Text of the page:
Alabama Football: Yes and no on Big Ten and CFB Playoffs

Alabama Football: What should, and what will happen in B1G’s path to CFB Playoffs.

Is it too much for Alabama football fans and other SEC fanbases to expect a level playing field? Level that is, at least, part of qualifying for the CFB Playoffs. In the six seasons of the Playoff era, fairness has been at the center of most debates.

The fairness debates will be hotter in 2020 and primarily for one reason. That reason is the Big Ten football schedule.

As announced on Wednesday, the Big Ten will play eight regular-season games and a new ninth game option after the regular season. The conference has scheduled the Big Ten Championship game for Dec. 19. The CFB Selection Committee is slated to announce Playoff participants on Dec. 20.

What is fair to the SEC, ACC and Big 12 teams that will be in contention for a Playoff berth? A quick response is there is nothing fair about the Big Ten having an easier path to the Playoffs because of playing two fewer games. A week ago, we discussed mathematical advantages of playing two fewer games. A one-loss, maybe even a two-loss SEC team, should not be automatically excluded from a Playoff field by a 9-0, Big Ten Champion.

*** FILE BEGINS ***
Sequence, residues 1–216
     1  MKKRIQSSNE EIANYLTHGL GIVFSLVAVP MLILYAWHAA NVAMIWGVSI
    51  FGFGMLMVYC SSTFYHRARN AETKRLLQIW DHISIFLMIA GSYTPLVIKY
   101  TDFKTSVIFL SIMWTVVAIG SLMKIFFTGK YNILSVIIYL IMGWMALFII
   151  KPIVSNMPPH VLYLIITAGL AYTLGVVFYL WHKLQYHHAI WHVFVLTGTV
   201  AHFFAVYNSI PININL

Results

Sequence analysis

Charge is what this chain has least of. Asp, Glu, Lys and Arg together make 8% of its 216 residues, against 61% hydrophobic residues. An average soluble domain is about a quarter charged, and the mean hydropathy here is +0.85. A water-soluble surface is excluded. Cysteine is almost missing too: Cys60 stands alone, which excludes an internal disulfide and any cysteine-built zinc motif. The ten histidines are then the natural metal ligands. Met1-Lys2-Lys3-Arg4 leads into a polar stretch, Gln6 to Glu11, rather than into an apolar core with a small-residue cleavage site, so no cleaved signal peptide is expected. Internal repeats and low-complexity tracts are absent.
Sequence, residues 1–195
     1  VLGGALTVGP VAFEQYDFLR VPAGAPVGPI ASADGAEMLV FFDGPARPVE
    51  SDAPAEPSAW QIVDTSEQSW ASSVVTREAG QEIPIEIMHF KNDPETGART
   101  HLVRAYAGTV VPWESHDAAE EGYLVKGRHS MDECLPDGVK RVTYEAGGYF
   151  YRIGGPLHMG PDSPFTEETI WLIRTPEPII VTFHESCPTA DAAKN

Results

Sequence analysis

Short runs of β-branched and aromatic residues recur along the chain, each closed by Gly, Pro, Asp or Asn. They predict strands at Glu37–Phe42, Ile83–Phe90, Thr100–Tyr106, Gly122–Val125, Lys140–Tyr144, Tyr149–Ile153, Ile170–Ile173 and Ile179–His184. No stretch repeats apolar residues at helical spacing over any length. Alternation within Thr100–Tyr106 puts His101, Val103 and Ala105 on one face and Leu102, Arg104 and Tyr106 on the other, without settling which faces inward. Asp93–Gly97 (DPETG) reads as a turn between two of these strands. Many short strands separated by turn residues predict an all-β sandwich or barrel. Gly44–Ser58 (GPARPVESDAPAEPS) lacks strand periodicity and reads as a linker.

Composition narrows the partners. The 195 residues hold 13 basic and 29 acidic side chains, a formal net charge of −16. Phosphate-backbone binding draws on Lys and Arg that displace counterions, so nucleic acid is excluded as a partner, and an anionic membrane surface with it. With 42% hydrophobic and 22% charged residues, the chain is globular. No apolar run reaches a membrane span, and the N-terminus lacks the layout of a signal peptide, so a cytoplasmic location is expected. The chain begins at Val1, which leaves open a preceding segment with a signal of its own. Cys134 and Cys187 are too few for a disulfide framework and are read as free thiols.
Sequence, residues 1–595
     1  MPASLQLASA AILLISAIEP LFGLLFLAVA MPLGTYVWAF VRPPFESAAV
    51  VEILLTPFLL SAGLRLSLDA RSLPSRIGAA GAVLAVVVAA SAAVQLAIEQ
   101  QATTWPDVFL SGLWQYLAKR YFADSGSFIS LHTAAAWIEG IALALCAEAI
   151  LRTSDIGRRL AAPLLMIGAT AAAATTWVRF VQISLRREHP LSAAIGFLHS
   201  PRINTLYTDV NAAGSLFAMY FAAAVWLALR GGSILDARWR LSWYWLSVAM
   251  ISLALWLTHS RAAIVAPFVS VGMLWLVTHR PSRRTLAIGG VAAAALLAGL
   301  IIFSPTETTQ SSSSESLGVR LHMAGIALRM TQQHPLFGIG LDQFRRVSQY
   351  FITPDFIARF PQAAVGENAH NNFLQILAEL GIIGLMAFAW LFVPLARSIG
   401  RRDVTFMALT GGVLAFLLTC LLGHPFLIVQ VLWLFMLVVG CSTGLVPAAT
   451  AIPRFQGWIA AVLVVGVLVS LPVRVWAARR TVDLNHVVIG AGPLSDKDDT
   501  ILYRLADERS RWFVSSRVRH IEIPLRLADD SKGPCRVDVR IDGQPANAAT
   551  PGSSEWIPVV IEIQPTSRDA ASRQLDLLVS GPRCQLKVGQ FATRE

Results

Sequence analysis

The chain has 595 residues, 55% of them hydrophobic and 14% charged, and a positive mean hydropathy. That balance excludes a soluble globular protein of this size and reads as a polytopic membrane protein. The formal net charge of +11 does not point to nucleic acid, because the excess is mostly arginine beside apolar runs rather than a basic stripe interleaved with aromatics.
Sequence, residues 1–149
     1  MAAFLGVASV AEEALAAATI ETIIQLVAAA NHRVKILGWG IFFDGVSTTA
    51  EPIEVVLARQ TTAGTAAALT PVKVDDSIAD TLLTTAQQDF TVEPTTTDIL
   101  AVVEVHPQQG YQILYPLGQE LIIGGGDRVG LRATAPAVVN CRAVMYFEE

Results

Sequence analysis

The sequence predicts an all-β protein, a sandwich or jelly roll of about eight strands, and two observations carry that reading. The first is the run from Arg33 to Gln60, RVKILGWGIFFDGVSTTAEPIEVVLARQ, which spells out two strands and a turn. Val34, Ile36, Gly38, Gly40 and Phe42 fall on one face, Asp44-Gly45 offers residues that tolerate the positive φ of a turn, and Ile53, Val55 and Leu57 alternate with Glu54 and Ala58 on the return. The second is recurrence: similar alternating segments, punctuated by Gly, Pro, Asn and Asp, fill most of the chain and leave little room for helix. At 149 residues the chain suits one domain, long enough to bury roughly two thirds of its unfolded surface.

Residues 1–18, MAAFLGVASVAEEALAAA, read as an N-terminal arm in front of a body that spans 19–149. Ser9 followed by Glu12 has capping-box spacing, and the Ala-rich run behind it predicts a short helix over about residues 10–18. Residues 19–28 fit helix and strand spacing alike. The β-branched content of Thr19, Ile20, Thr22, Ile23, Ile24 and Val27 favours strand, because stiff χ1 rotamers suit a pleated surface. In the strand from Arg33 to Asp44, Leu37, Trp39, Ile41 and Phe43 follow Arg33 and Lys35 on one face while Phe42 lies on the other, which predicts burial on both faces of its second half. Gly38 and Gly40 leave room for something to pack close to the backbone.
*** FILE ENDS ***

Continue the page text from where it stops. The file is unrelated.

Should the Selection Committee define that a regular-season of less than nine or ten games would disqualify teams? Even if the committee should take such bold action, there is no chance it will. It is going to accept the Big Ten scheduling plan. The Pac 12 might not get such a pass if the conference finds a way to play an abbreviated regular season. Given no spectator seating constraints and wildfires in some Pac 12 footprint states, the conference has not indicated it will deviate from its no sports until January plan.

Having made an argument an eight-game B1G regular season should exclude the conference from a Playoff berth – there is a valid counterpoint. In theory, the Selection Committee can exclude a B1G Champion through its existing, internal deliberations.  Over the years the committee has provided little clarity of how it should perform its task. Instead, each season, it has defined how it did select each group of four teams. ‘How’ will always be debated until ‘should’ is specific.

The solution is simple. It goes back to the creation phase of the CFB Playoff years ago. The committee’s task is, and always has been, to pick the four best teams. There are data points to assist deliberations. Conference championships and strengths of schedules are two of them. But the committee was always charged to use its best judgment to select the ‘best four teams.’

If that challenge is accepted and fulfilled in 2020, it will not matter that the Big Ten plays fewer games. But the committee cannot obfuscate or suggest nothing will be changed in the 2020 selection process. Instead, it should declare, ‘we will pick the four best teams,’ with conference championships no more than an incidental factor. That is what it should do. Alabama football fans are probably asking too much if expecting the committee to be so bold.

Next: Check out a deep-dive preview into the Missouri Tigers

If only the Selection Committee were up to being so bold and straightforward. Then we could agree one of the best four could be a B1G team.

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